This success-intensity was felt through the opening eleven games of the season when eight managers lost their jobs. A further eight have lost their jobs in the time since – with Cardiff and Wigan sacking two managers each. It’s a ruthless level. Fourteen clubs have changed their manager this season.

The majority of these changes have been at the bottom of the league. 

Shaun Maloney’s three-and-a-half-year deal at Wigan seems to indicate that, whether or not they’re relegated – a likely outcome as they’re still rooted to the bottom of the league – he will be in charge next season. Is he, then, the most secure manager in the league?

Mark Hudson’s time as Cardiff coach was short – lasting just under four months. Cardiff’s trigger-happy style will surely stop after their next hire.

Mick McCarthy has just replaced the outgoing Michael Appleton at Blackpool. He’ll likely have a grace period too. Though how much is up to McCarthy.

Right now, Birmingham are the only team in the bottom-five to have not sacked their manager. It’s no surprise, then, to see John Eustace join the likes of Mark Fotheringham and Matt Taylor as next in line to be relieved of their duties. 

The majority of changes at the top end of the league will play out in the off-season. Norwich’s move to sack Dean Smith comes as no shock when they’re position in the top-six is proving more difficult to hold onto than they would expect. If Watford fail to clinch promotion, it wouldn’t be hard to imagine Slaven Bilić’s job will be under threat. 

League One Football Managers

This season in League One has proven to be much more stable than the Championship. Seven clubs have sacked their coaches, while Exeter lost Matt Taylor to the Championship’s Rotherham. Derby, Portsmouth and Peterborough did so because they’re pursuit of promotion was faltering. Burton, Forest Green, MK Dons, and Charlton made changes to avoid relegation.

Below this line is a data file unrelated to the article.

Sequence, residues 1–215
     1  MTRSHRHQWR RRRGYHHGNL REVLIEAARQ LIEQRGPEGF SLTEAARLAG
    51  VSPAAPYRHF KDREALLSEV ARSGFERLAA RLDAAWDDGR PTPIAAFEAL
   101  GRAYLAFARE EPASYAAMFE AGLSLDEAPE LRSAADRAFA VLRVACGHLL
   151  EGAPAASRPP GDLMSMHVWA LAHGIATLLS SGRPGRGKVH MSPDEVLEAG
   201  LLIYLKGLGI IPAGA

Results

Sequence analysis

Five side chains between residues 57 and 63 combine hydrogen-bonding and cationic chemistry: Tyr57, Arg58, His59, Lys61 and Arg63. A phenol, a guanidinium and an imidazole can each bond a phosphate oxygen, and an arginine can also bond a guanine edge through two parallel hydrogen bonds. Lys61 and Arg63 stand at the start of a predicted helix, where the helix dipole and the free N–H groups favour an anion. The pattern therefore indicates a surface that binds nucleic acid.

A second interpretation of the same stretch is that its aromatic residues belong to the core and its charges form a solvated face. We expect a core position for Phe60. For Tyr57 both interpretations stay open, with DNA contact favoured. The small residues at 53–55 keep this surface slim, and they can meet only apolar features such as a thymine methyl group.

In a similar story to the Championship, those who expect promotion but fail will review and rethink their direction in the off-season, including the possition of their football managers. That being said, Derby, one of the more recently relegated clubs, will be looking to stabilise under new boss Paul Warne, who signed a four-year deal in September, heading up the revival project after the club was saved from bankruptcy. 

John Mousinho’s position at Portsmouth may be one to watch. Despite joining the club in January, Portsmouth will expect to be at least performing well and pushing for a playoff position for the remainder of the season. If Mousinho can’t get Pompey firing, he may well be fired before next season begins.

 

League Two Football Managers

At the bottom of the professional section of the English football pyramid, League Two will be preparing themselves for if Wrexham get promoted from the National League and bring with them a growing global profile. Right now, though, seven clubs have sacked their football managers. Only one of them had been in their job longer than a year: Robbie Stockdale of Rochdale, who was dismissed after four defeats to start the season. Crawley have been the most active in managerial changes this season, sacking Kevin Batsy in October after 100 days in charge and his replacement Matthew Etherington after 32 days in charge. 

Scott Lindsey’s job at Crawley, then, will be one to watch. It was a surprising appointment because he left division rivals and 8th-placed Swindon to join the club. Crawley positioned outside of the relegation as of now, and Lindsey won his opening match on the 28th of January. His success with Swindon may give him a bit of time if the team’s performances don’t earn it. Nonetheless, it doesn’t appear the brass at Crawley will think twice.